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Preparing Clinically Qualified Medical Physicists for Artificial Intelligence in the Medical Use of Radiation


Early and mid-career medical physicists from 50 countries participating in a week-long training workshop on artificial intelligence in ionizing radiation co-organized by the IAEA and ICTP. (Photo: O. Ciraj Bjelac/IAEA) 

From processing vast amounts of data to providing insights beyond human capabilities, artificial intelligence (AI) has the potential to power unprecedented progress in the medical uses of radiation to improve diagnosis and treatment. As the deployment and use of AI-based tools grow over the next decade, clinically qualified medical physicists (CQMPs) will play an essential role in facilitating the safe, effective and appropriate application of such tools. 

To help CQMPs around the world meet the challenges of the present and the demands of the future, the IAEA published a new guidance document in 2023 on the International Day of Medical Physics (7 November): Artificial Intelligence in Medical Physics: Roles, Responsibilities, Education and Training of Clinically Qualified Medical Physicists. Endorsed by the American Association of Physicists in Medicine (AAPM), it frames the roles and responsibilities of CQMPs in the field of implementation and utilization of AI in the medical uses of radiation; provides guidance on the competencies they need; outlines an elective module for postgraduate academic programmes; and suggests continuing professional development activities. It also provides examples of medical imaging and radiation oncology processes to which AI-based tools can be applied – be it to prioritize cases by improving workflows, optimize image procedures by estimating radiation doses or personalize care by enhancing treatment decisions, to name but a few. 

Within multidisciplinary healthcare teams, CQMPs bridge complex technological tools with clinical needs as the scientists who use physical principles, methods and techniques within the clinical environment. As AI-based tools are becoming more common, CQMPs will be responsible for their validation, acceptance, safe use and quality assurance. To that end, they should develop the technical specifications for procuring, integrating and possibly connecting these tools into existing information technology infrastructure. In collaborating closely with clinicians on quality and safety matters, they will oversee their proper functioning and provide advice on any performance deviations. As part of the team that will design and implement quality management programmes, CQMPs will lead risk assessments, prepare workflow protocols guiding the clinical use of AI-based tools and contribute to ensuring continued quality and safety.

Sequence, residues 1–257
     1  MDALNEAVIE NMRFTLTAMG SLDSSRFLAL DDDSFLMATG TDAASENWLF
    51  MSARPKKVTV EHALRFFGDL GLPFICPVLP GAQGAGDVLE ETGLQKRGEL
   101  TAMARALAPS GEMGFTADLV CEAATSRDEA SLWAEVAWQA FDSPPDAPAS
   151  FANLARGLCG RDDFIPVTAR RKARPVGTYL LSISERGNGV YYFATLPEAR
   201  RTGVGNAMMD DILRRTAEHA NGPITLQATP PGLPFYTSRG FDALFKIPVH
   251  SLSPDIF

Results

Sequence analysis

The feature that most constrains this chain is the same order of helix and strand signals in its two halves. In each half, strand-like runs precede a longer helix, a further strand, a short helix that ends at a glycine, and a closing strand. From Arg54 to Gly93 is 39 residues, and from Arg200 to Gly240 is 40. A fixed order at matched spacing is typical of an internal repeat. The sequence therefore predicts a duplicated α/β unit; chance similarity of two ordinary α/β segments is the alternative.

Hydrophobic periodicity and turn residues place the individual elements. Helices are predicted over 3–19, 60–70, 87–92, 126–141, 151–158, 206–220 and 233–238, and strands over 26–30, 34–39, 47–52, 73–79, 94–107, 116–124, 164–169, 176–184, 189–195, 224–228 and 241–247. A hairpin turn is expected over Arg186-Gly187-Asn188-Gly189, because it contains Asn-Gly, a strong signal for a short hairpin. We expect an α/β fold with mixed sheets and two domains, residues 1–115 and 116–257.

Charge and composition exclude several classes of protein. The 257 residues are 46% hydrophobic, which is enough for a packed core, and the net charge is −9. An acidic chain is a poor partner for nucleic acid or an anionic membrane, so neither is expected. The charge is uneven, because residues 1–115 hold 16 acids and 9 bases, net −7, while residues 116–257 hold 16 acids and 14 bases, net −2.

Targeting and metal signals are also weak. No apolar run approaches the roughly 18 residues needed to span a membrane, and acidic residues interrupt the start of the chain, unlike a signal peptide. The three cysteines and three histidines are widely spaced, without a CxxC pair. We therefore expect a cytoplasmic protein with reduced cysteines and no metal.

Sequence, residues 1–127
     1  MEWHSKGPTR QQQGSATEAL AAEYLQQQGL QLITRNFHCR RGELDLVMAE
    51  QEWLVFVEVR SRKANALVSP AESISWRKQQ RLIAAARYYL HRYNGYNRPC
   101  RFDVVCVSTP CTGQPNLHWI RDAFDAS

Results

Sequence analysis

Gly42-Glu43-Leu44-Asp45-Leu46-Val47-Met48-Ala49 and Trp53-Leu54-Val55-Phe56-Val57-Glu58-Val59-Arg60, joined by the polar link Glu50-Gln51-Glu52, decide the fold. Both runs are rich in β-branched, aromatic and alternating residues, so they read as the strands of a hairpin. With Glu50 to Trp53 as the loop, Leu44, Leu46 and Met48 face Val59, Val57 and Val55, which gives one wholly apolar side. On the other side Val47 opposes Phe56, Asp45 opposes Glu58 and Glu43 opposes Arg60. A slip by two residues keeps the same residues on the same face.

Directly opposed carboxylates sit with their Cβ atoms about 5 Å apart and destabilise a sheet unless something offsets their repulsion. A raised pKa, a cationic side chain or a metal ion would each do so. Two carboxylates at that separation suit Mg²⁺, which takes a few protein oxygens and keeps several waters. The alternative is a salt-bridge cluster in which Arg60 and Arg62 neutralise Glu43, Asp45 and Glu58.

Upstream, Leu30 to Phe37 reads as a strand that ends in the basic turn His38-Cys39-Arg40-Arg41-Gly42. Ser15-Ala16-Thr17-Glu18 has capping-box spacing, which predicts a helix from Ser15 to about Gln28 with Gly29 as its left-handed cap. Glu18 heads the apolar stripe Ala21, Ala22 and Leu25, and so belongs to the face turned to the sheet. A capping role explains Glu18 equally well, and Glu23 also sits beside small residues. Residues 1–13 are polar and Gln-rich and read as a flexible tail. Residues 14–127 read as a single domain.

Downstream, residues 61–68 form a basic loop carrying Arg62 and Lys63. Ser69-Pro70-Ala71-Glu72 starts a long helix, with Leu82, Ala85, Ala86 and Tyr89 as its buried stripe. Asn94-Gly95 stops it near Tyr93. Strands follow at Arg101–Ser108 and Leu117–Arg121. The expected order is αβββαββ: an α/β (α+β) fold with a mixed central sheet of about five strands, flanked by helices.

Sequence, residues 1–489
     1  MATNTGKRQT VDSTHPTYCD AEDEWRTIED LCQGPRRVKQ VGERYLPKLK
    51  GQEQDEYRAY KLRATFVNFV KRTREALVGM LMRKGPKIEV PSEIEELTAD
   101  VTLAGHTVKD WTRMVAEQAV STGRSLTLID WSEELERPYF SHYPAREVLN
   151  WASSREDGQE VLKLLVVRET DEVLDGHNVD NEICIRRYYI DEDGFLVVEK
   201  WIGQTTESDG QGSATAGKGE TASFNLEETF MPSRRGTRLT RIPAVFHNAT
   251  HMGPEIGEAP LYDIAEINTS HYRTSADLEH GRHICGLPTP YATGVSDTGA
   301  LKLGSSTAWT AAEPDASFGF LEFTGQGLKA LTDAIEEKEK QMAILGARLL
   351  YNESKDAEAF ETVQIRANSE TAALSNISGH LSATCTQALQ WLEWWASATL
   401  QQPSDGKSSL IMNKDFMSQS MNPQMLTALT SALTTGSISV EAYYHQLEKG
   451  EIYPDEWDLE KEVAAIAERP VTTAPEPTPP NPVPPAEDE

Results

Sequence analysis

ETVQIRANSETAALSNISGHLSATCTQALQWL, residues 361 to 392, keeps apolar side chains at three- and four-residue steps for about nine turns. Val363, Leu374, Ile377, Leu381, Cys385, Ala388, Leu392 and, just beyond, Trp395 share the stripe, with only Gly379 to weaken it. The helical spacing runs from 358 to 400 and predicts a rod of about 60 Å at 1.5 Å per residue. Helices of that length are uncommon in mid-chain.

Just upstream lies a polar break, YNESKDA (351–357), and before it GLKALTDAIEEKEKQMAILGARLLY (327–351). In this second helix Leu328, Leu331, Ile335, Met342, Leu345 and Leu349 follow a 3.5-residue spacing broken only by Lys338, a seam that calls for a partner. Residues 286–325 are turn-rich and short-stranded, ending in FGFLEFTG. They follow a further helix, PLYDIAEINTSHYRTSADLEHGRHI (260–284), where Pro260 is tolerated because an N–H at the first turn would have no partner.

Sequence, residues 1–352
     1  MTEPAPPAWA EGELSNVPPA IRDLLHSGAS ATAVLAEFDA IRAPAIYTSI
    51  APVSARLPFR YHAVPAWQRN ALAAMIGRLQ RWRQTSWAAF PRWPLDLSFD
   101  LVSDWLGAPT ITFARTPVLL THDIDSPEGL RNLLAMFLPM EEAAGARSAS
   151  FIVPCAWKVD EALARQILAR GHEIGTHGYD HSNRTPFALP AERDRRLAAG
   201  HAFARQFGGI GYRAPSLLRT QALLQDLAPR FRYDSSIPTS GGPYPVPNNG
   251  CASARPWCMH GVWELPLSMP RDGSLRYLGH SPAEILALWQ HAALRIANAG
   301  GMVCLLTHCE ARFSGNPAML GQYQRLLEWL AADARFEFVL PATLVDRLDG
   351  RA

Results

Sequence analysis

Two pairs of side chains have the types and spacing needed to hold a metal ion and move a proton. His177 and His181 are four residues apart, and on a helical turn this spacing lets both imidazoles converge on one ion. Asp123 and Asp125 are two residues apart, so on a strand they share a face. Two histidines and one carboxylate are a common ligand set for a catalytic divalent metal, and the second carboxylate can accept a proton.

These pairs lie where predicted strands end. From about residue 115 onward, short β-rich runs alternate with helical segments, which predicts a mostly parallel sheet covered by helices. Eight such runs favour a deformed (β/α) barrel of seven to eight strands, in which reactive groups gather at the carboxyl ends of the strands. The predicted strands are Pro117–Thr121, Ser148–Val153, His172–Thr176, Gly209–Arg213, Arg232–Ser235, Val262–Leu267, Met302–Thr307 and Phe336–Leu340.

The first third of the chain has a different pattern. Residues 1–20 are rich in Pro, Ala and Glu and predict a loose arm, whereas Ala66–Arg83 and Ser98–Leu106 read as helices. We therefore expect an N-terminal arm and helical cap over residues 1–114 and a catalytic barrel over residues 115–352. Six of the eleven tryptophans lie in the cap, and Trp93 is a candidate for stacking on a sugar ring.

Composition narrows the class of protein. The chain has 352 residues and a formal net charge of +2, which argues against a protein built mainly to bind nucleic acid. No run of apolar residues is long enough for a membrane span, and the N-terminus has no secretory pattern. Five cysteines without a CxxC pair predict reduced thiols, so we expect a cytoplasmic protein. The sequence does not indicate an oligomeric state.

“There is a pressing need for a new curriculum to update the knowledge and training of clinically qualified medical physicists,” said Mauro Carrara, Head of the IAEA Dosimetry and Medical Radiation Physics Section and one of the IAEA officers responsible for the publication. “The IAEA’s new resource serves as a starting point,” he added, noting that the publication had already been viewed more than 6600 times in the three weeks following its release.  

Enhancing Skills and Knowledge

To help develop the knowledge and skills of CQMPs to use AI-based tools, the IAEA and the Abdus Salam International Centre for Theoretical Physics (ICTP) organized a joint workshop on Artificial Intelligence for Medical Physicists in Trieste, Italy, from 20 to 24 November 2023. The workshop – which was co-sponsored by the International Organization for Medical Physics and AAPM and endorsed by the European Federation of Organisations for Medical Physics – equipped 59 early and mid-career medical physicists from 50 countries with an overview of the field and the theoretical principles underpinning neural networks, machine learning, deep learning and data management. Participants also examined the various technical, ethical and legal challenges that CQMPs have to consider.  

“This comprehensive workshop essentially provided medical physicists with the relevant theoretical foundations and considerations needed to ensure quality patient care and safety,” explained Jackie Wu, Professor of Radiation Oncology at Duke University in the United States and one of the workshop’s expert lecturers. “Such training is critical for them to be well prepared for the integration and safe use of AI within clinical workflows and practices.” 

In hands-on training sessions, participants applied their theoretical understanding as they actively explored specific AI technologies. Collectively, these exercises enabled participants to cultivate the skills needed to assess and use AI in radiation medicine. 

“The knowledge I acquired will help me deploy AI-based tools, validate them locally and utilize them properly,” said Darko Stojanovic, a medical physicist from Serbia. “I am keen to share what I have learned with my colleagues to help them understand how AI-based tools work and prepare them for their proper deployment, validation, use and quality control. This is the most important task for both clinical and scientific implementation.”

Workshop participants actively applying their new AI knowledge and skills in hands-on, group-based laboratory exercises. (Photo: E. Titovich/IAEA) 

Last update: 14 Feb 2024

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